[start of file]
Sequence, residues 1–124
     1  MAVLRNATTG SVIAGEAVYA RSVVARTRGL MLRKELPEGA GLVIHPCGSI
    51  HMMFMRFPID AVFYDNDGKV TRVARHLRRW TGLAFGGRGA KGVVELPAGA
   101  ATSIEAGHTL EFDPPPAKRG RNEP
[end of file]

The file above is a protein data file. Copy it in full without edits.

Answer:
Sequence, residues 1–124
     1  MAVLRNATTG SVIAGEAVYA RSVVARTRGL MLRKELPEGA GLVIHPCGSI
    51  HMMFMRFPID AVFYDNDGKV TRVARHLRRW TGLAFGGRGA KGVVELPAGA
   101  ATSIEAGHTL EFDPPPAKRG RNEP